There are rumblings that the FBI has completed it’s investigation into Hillary’s use of a private, non-secure email arrangement to handle classified information. If true, that would mean they are preparing a legal case against her. Reportedly, their case is formidable.
A variety of conspiracy theories that attempt to predict how all this will play out can be found in the blogosphere. There’s a little bit of everything out there. Even the idea that in September she’ll be formally indicted, and in response, Michelle Obama will move in as the Democratic candidate for the Presidency.
Addressing the veracity of such theories isn’t the purpose of this article. That’s a separate topic for another time. Instead, it’s prudent to take a look at the way in which both the Obama administration and Hillary’s campaign can survive this whole ordeal.
Article II Section 2 of the United States Constitution gives the President the power to grant pardons. Barack Obama may grant a pardon to Hillary Clinton.
It would work like this:
— The FBI will present their case against Clinton to Attorney General Loretta Lynch. This places Lynch between a rock and a hard place. If her Justice Department doesn’t issue an indictment, the idea that our system of Justice is prejudicially biased in favor of the powerful and well connected is reinforced. Moreover, the progressive base would be hard pressed to reconcile that along with the treatment of people they admire like Edward Snowden with Hillary’s exoneration. If an indictment is issued, the administration can maintain it’s claims of transparency and impartial enforcement of the law. Although, they would face the troublesome optics of their best candidate running for office with an indictment hanging over her head.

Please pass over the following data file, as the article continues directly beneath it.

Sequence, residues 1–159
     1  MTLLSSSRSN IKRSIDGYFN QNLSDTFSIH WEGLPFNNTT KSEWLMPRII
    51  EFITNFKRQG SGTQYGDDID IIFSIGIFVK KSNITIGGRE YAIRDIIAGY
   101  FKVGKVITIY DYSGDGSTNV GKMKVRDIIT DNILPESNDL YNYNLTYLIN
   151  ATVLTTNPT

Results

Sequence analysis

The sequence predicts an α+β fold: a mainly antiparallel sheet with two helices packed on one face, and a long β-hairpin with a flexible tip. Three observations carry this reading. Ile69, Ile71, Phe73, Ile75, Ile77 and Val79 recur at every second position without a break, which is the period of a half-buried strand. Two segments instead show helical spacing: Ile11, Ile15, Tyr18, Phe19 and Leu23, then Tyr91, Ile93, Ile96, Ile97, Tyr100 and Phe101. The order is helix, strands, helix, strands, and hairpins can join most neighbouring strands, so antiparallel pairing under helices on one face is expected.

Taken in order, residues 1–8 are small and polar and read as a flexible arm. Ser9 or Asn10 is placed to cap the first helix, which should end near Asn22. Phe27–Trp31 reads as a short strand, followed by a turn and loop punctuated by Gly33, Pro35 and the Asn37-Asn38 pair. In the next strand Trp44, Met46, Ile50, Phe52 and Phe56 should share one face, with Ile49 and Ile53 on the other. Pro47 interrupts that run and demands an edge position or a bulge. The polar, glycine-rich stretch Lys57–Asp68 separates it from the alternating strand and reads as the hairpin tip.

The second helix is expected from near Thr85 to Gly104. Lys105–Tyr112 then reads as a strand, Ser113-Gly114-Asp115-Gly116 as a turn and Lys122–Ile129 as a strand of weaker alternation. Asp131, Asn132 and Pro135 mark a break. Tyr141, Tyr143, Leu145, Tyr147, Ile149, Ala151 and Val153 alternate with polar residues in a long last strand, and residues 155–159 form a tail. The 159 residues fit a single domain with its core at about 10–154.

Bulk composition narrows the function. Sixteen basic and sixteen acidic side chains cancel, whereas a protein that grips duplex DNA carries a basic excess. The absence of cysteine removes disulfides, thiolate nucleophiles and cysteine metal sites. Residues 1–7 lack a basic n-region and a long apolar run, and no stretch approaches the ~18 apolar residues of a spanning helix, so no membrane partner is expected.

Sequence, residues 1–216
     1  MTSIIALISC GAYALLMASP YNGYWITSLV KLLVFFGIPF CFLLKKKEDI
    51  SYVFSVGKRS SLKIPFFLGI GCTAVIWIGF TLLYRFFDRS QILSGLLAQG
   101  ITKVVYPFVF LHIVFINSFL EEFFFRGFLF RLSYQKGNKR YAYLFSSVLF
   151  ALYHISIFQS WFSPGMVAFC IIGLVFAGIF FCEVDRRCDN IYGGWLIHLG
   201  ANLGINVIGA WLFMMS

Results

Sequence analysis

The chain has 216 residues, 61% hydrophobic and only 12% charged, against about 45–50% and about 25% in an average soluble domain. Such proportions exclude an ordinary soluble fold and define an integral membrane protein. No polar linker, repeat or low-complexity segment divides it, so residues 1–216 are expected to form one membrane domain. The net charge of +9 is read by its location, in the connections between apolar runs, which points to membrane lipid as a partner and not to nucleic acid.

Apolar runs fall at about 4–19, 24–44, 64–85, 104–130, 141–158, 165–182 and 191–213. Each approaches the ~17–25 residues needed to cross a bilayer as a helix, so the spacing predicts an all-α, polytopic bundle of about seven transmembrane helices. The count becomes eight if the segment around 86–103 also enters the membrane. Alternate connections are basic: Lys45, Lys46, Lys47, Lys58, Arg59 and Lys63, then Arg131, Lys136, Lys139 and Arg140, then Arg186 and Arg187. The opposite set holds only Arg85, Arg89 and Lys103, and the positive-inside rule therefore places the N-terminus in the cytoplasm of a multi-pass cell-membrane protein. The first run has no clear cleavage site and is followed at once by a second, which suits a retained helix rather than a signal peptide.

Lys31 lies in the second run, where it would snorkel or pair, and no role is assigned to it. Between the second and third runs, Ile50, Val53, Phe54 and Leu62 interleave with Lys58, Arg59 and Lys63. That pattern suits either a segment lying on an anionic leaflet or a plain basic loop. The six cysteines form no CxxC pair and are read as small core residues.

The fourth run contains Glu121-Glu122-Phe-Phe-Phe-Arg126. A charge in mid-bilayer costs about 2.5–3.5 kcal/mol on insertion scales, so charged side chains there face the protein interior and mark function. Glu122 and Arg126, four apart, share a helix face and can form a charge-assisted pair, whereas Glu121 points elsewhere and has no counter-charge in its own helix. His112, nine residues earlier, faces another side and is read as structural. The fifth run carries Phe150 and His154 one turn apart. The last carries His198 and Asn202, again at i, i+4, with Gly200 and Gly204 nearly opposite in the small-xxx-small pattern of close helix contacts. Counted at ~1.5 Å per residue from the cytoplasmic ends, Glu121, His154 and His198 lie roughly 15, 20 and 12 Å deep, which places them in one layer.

— The decision on whether or not to indict most likely won’t be one Lynch makes on her own. It will be decided at the highest levels of power. As such it will be as much a political decision as it will be a legal one. The Obama administration needs for Hillary to stay in the race – an indictment and subsequent legal proceedings could change that. If they don’t indict, the adverse consequences for them and their legacy would be huge. So, they indict.
— Hillary will deliver some kind of mea culpa.
— Barack Obama, in response to Hillary’s mea culpa, will be portrayed as the epitome of benevolence when he issues a pardon before the case ever gets anywhere near a court room.
— Hillary accepts the pardon and continues her bid for the White House unabated.
The way in which this spectacle would play out on the public stage is intriguing in the same way watching a train wreck begs one’s attention: a tumultuous thing to witness. Appalling as it unfolds. And impossible to get away from; it would dominate the 24/7 news cycle.
Can Obama pardon someone who hasn’t been convicted? He can. Historical precedent includes:
— The pardon of President Richard Nixon. In 1974, Nixon resigned. Impeachment proceedings were never conducted against him.
— President Andrew Johnson issued a blanket pardon for former Confederates in May 1865 as a part of an effort to heal national wounds inflicted by the Civil War.
— Brigham Young was pardoned by President James Buchannan in April 1858 following the “Utah War”. Young was never subjected to a judicial proceeding prior to receiving his pardon.
— Vietnam draft-dodgers were pardoned by President Carter on January 21, 1977.
By accepting the pardon, Hillary must also accept guilt for whatever she’s charged with in the indictment. This isn’t hyperbole. It’s legal precedent. In 1915 the Supreme Court determined in Burdick vs United States that acceptance of a pardon carried with it “an admission of guilt”.
Can Hillary continue her campaign with an admission of guilt on her record? Yes.
Founder of Industrial Workers of the World and Socialist Party candidate Eugene V. Debbs ran — and received 3.4% of the vote — for President from prison in 1920. He was serving a ten year sentence after being convicted for violations of the Espionage Act of 1917.
Debbs had more than an “admission of guilt” to contend with. He was a convict. Yet, he ran for President. Hillary would only have to contend with the stigma of her own mea culpa and the pardon that followed.